The East Frankish and West Frankish chant dialects
During the Middle Ages the Low Countries formed the border line between the regions of the West Frankish and the East Frankish chant dialects. The difference between these two dialects is most manifest in the tendency of the East Frankish repertoire variant to turn b into c, e into f, while in West Frankisch manuscripts b and e are preserved. Besides this, there is a certain exchange of neumes, for instance a torculus in East Frankisch manuscripts and a clivis in West Frankish manuscripts (see M.E. Heisler in Studia Musicologia 27 (1985) pp. 67-82, where the semitone-differences, only discernible in diastematic notations, are considered 'Melodische Variante' and the neume-differences, discernible in all notations, 'Graphische Variante').
On this website, to each manuscript the dialect variant has been added, using the terms 'western' for descendants of the West Frankish repertoire variant, and 'eastern' for those of the East Frankish variant. This is mainly based on the melodic variants, i.e. the tendency to raise the semitones; research on Dutch manuscripts covering the entire subject is lacking. Use of these terms on this home page must be considered to be no more than a first attempt to bring more clarity in this matter, which might perhaps be more complicated than it seems at first sight.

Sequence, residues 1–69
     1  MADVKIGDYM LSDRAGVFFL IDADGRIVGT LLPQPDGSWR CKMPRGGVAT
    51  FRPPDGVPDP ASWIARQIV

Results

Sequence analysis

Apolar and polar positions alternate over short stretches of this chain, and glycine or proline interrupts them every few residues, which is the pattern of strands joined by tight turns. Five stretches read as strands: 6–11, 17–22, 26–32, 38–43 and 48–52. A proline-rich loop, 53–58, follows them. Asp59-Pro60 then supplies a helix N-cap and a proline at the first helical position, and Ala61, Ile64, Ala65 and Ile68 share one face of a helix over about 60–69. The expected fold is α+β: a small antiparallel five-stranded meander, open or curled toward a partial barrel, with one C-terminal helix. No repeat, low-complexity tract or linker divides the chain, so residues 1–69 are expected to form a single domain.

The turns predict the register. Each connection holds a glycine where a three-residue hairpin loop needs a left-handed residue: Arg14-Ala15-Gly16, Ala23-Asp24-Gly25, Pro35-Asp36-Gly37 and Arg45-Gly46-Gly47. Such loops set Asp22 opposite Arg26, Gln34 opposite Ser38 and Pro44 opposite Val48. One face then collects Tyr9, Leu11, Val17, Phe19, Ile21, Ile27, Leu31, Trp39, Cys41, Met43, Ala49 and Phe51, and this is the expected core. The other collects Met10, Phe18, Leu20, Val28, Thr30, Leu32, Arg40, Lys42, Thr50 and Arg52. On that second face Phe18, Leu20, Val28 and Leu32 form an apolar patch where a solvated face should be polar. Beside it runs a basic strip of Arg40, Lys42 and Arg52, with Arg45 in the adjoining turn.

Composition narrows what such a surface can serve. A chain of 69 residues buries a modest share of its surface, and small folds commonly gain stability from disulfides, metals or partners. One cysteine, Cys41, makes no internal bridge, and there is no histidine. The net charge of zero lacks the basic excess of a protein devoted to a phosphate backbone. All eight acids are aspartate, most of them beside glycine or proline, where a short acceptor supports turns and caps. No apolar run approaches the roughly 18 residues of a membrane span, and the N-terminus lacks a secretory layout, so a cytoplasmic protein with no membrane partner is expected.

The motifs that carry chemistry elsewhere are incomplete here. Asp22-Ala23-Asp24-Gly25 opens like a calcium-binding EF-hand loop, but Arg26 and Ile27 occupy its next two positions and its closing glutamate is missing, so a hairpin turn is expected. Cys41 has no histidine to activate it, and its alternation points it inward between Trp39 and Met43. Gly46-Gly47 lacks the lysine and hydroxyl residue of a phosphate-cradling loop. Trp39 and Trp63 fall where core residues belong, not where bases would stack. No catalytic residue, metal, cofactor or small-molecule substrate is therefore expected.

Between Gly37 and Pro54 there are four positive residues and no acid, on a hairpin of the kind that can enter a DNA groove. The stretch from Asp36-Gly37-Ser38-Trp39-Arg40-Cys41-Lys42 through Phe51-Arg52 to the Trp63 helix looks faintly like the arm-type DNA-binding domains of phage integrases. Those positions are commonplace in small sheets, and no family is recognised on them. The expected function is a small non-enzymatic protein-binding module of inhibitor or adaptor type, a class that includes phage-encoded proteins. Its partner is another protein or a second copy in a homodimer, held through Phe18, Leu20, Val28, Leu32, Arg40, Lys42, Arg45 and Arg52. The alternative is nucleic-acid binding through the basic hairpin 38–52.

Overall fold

The geographical distribution of the repertoire variants is connected with the spread of notation types. Generally it can be stated that square notation manuscripts display the western variant, while Hufnagelschrift manuscripts and manuscripts with Low Countries notation contain the eastern variant, though many transitional variants can be observed.
Some observations can be of particular interest for the study of the two repertoire dialects.
The manuscript NL-Uc BMH 20, is a Gradual, manufactured in the late 15th century in Zuid-Holland for the Amsterdam Agnesklooster. It os provided with Hufnagelschrift, but with some characteristics that strongly resmind of square notation: staves in red paint, no quilismata, vertical bars drawn in the staves. Besides, the original versions of the melodies show the western repertoire variant, but later these were changed into the eastern variant. All this suggests that this manuscript was copied from a square notation manuscript with only one change: Hufnagelschrift instead of square notation, while keeping the western chant variant - erroneously, because in Amsterdam this variant was unusal. Hence the many corrections in this manuscript; they give us a clear insight in the differences between the two repertoire variants (see: Het gregoriaans in de Lage Landen).
That the tendency of the East Frankish repertoire variant to turn b
into c (and e into f) was still an active process during the late Middle
Ages can be observed in several manuscripts.
Firstly, a difference exists between the older and younger manuscripts of the Utrecht Mariakerk, dating from the 12th up to the 16th century. Whereas the 12th and 13th century manuscripts of this church still have a relatively ancient practice (having kept some e and b inflections), the 14th and 15th century manuscripts display a more modern practice (the e's and b's having developed into f and c).
Secondly, the two 15th century Rijnsburg manuscripts, a summer antiphoner NL-DHk 73 E 8 and a hymnal NL-DHk 71 J 70, have some semitone corrections (b corrected into c, e into f) that may indicate a shift from a more ancient eastern tradition into a more modern one.
The office for St Gudula, that partly has been preserved in both square notation and Hufnagelschrift, displays some characteristic differences between the two dialects, even though this is a relatively young and local repertoire.